The Fine Print on the Commerce Appropriations Bill

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Publication date: 
6 December 1995

The House of Representatives is expected to give its final approval
today to the Commerce Department appropriation for FY 1996,
followed by the Senate.  The bill, H.R. 2076, is almost certain to
be vetoed by President Clinton.  The following is some of the fine
print from the conference report (House Report 104-378) pertaining
to the National Institute of Standards and Technology (NIST).

NIST's appropriation is broken down into three major categories:
Scientific and Technical Research and Services, Industrial
Technology Services, and Construction of Research Facilities.  The
conference committee recommends the following budgets:


This budget is for NIST's "core" programs at its laboratories in
Maryland and Colorado.  Last year's budget was $247.49 million.
The Administration requested $310.70 million, an increase of $63.21
million, or 25.5%.

The conferees recommend an FY 1996 budget of $259.00 million.  This
is an increase of $11.51 million, or 4.7%, over last year. 


One reason the President will likely veto this bill is that it
contains no new funding for one of his administration's major
priorities, the Advanced Technology Program (ATP).  Seeking to end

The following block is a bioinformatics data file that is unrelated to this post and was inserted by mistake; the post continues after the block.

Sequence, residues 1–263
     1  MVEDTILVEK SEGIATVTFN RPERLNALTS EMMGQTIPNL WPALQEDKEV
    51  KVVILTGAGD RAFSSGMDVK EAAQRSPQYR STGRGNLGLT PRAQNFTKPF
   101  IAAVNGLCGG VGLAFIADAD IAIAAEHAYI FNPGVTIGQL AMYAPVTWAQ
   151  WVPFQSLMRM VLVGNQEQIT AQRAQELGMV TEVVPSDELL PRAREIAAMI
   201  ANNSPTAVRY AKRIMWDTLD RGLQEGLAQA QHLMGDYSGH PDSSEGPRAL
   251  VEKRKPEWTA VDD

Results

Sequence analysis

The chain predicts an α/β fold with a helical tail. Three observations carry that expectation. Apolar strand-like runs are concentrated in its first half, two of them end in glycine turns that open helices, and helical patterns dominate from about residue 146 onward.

any new ATP competitions, the report states: "...none of the funds
made available under this heading in this or any other Act may be
used for the purposes of carrying out additional program
competitions under the Advanced Technology Program: Provided
further, That any unobligated balances available from carryover of
prior year appropriations [in other words, unspent money] may be
used only for the purposes of providing continuation grants."
Last year's ATP budget was $430.4 million.  The Administration
requested $490.9 million.

Another program under this budget category, the Manufacturing
Extension Partnership (MEP), had a budget last year of $90.6
million.  The Administration requested $146.6 million, an increase
of $56.00 million, or 61.8%, over last year.

Conferees recommend an MEP FY 1996 budget of $80.0 million.  This
is a decline of $10.6 million, or 11.7%, from last year.


The Administration requested $69.91 million.  The conference report
recommends $60.00 million.

NOTE: While provisions for transferring funds to "appropriate
successor organizations" are provided in this act if the Commerce
Department is dismantled, the report does not call for

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